Lava and lahar — mudflow or debris flow composed of pyroclastic material, rocky debris and water — are real threats that cannot be overlooked, he said.

The several rivers flowing down the slopes of Merapi have now carried lava and lahar to various regions surrounding the volcano.

One of these, Code River, passes through the middle of Yogyakarta city, which was placed on the highest alert level following Friday’s massive eruption.

“There is no alternative but to move away from Code River,” Surono said.

“Do not watch the swift current in the river, do not stand on the bridge, do not stay in houses located along the river.

If lava damages the riverbanks, then the risk is very high.

It will break down anything along its path.

It can be fierce as the heat clouds will kill anyone in the way.”

Surono appealed to residents comply with government orders to evacuate the area.

“Do not argue or fight with the authorities from local governments,” he said.

“We are facing a disaster that we haven’t seen in a century.”

Raden Sukhyar, head of the geology department at the Ministry of Energy and Mineral Resources, said Merapi had released more than 50 million cubic meters of volcanic material since its first eruption on Oct. 26.

He said the amount of volcanic material released by Merapi over about 10 days was already half of the total volcanic material ejected by Mount Galunggung in Tasikmalaya, West Java, over a 10-month eruption phase in 1982.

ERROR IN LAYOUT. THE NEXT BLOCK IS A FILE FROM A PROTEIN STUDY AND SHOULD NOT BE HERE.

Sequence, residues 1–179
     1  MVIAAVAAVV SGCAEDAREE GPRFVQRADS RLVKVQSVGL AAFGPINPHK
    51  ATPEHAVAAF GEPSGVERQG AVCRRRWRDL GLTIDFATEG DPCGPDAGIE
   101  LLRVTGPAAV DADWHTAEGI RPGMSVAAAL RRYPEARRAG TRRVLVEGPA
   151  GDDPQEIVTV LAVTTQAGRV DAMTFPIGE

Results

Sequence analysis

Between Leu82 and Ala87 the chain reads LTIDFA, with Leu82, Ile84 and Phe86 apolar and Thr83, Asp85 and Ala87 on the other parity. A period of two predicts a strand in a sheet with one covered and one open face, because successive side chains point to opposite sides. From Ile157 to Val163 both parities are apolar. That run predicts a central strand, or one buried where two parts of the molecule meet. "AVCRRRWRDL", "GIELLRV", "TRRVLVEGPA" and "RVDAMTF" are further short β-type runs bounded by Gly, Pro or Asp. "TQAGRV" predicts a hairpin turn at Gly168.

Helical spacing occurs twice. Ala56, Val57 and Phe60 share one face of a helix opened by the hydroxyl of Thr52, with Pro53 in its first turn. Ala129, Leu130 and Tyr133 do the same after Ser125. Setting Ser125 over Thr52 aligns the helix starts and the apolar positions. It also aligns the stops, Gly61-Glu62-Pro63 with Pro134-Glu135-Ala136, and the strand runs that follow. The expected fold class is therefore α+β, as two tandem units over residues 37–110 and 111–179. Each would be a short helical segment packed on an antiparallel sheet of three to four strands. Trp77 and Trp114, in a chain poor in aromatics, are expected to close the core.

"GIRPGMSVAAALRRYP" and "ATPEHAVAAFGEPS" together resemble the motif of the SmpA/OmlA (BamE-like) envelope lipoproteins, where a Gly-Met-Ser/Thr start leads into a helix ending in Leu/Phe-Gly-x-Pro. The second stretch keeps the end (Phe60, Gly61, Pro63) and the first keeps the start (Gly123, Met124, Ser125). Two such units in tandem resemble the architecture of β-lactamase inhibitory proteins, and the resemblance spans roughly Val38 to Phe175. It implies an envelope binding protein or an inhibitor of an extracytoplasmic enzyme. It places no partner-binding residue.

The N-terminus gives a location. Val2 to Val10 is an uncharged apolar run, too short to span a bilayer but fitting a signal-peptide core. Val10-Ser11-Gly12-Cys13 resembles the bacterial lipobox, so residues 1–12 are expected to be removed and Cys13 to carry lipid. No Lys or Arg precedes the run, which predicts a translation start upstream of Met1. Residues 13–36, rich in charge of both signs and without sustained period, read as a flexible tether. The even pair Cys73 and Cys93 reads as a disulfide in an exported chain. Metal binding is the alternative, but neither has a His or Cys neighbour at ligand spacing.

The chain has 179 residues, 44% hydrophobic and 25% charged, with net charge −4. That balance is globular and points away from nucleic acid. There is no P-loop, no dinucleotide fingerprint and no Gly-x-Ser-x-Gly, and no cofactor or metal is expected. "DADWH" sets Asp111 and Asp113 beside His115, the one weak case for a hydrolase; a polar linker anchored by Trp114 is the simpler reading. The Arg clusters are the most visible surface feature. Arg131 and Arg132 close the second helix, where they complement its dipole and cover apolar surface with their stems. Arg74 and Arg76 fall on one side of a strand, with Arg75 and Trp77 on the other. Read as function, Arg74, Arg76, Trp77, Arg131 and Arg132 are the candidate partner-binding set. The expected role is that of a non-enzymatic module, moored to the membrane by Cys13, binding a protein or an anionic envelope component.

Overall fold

“Mount Merapi has showed us an extraordinary number of volcanic material bursts. We do not know anymore what to do, other than call on people to keep at a safe distance. What happens in the coming days could be even worse than now,” he said.

There is also the threat to respiratory health due to the ash.

Tutik Anuriah, a division head at Yogyakarta’s Environmental Pollution Control Agency, said the air quality in the city and surrounding areas was continuing to deteriorate.

“Ideally, there should be no more than 230 micrograms per cubic meter of solid particles in the air. That is standard quality. However, in 12 regions, the total suspended particles in the air has exceeded normal quality by three times,” she said.

“The worst was around Pakem in Sleman. The amount of solid particles in the air there reached 1,819 micrograms per cubic meter.”